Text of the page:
Clockwork Knight is a platforming title by Sega that was released as a launch title for its Saturn console. The player is put in the role of Sir Tongara de Pepperouchau III (the titular Clockwork Knight) and must traverse a house in order to rescue his love interest, Clockwork Fairy Princess Chelsea.
Protagonist Sir Tongara de Pepperouchau III, a clumsy toy soldier known as the Clockwork Knight, is completely head over heels in love with Clockwork Fairy Princess Chelsea, who wakes all the toys in the house up in the middle of the night for a wacky song and dance extravaganza. Unfortunately for Pepperouchau, however, his less-clumsy, more dashing rival Ginger is also in love with Chelsea. As par for the course in situations like these, Chelsea is kidnapped by some sort of mysterious force and Pepperouchau and Ginger must go on an epic quest to rescue her, or else the toys' days of crazy midnight parties will come to an end forever.
Clockwork Knight plays very similar to many other 16-bit platform titles. Pepperouchau's main attack involves using a key as a sword; a quick tap of the attack button makes him thrust quickly, but holding the button down makes him hold the key outward and twist it, which does more damage to energy but also makes Pepperouchau stand still. In addition to this Pepperouchau can throw stunned enemies as well as various objects that are scattered around the levels.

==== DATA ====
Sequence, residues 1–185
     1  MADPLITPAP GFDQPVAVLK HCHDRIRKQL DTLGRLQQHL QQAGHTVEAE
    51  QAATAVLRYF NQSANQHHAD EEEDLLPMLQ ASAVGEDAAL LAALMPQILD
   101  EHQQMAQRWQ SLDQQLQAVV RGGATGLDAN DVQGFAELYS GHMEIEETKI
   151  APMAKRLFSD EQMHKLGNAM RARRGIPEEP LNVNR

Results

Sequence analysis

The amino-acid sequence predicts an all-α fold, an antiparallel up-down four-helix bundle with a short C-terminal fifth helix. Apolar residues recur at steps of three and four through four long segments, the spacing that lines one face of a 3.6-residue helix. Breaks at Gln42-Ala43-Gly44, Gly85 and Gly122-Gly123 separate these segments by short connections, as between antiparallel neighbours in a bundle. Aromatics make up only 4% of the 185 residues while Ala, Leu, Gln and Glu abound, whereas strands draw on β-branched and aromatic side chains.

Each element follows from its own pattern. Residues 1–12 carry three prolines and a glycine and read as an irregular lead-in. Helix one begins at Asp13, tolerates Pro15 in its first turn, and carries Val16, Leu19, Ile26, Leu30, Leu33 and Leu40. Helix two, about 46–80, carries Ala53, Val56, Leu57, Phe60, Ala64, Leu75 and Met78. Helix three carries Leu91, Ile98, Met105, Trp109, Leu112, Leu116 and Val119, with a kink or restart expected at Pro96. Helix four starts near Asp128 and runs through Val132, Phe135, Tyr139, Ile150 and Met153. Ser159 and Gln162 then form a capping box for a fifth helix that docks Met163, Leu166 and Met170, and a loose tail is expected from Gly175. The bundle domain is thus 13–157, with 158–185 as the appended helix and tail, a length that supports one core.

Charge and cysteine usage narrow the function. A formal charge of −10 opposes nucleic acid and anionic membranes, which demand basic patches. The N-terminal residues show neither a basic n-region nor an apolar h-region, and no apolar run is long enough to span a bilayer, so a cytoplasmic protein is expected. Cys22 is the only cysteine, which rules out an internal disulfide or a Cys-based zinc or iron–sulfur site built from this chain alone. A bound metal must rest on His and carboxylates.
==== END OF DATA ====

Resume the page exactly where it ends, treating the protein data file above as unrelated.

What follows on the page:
The objective of each level is to simply get to the end before the timer runs out. The game has thirteen levels, with every third level being a boss battle. After each boss battle the player is given a chance to play a roulette mini-game to obtain extra lives or crowns, the game's main collectible item. There is no save game function in Clockwork Knight.
Clockwork Knight's graphics are pre-rendered 2-D sprites based off of 3-D models, a technique that Rare's Donkey Kong Country and Killer Instinct games had made incredibly popular in the mid-90s. The game's bosses, however, are fully polygonal, and, as the Sega Saturn was a CD-based format, the game contained a fully 3-D rendered intro.
The pre-rendered CG art style and the concept of living toys make the game seem extremely similar to the Disney/Pixar film Toy Story, although Clockwork Knight was released almost a year earlier than Disney's film.
Clockwork Knight's sequel, predictably named Clockwork Knight 2, was released in America the same year as the first title. A prototype for another sequel, Clockwork Knight 3: Penguin War, has been discovered and chronicled on the website X-Cult. The game would've been a Bomberman clone, with screen shots showing a 12-player multi-player mode.
Clockwork Knight has seemingly been forgotten by the general gaming public, overshadowed by other classic Sega titles of that time period.